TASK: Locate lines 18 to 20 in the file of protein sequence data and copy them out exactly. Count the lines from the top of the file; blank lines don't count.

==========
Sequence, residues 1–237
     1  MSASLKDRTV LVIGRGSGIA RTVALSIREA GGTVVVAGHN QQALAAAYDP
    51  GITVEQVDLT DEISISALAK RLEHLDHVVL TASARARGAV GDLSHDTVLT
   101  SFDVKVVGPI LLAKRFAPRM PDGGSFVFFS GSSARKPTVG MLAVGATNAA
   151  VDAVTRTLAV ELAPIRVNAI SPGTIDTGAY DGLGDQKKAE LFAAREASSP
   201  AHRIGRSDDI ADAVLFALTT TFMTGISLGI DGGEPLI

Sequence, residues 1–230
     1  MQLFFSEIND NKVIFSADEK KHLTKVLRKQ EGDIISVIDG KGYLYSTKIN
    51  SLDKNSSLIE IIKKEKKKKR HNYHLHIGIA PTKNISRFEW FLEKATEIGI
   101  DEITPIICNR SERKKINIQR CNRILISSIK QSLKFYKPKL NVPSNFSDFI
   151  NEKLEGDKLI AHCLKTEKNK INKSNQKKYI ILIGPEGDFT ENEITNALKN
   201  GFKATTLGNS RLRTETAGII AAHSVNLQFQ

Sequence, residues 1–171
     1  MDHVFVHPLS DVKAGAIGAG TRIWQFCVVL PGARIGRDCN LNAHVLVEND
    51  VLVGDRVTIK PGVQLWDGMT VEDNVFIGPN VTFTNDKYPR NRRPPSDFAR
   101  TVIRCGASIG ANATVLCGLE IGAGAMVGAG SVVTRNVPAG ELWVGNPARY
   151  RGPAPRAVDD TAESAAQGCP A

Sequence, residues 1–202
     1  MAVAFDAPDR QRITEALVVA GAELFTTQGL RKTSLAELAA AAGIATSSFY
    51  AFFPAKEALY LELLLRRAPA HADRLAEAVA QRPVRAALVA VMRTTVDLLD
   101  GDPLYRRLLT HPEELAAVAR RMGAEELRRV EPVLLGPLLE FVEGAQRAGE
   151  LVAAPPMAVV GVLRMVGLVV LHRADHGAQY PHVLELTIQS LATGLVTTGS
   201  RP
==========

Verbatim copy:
Sequence, residues 1–202
     1  MAVAFDAPDR QRITEALVVA GAELFTTQGL RKTSLAELAA AAGIATSSFY
    51  AFFPAKEALY LELLLRRAPA HADRLAEAVA QRPVRAALVA VMRTTVDLLD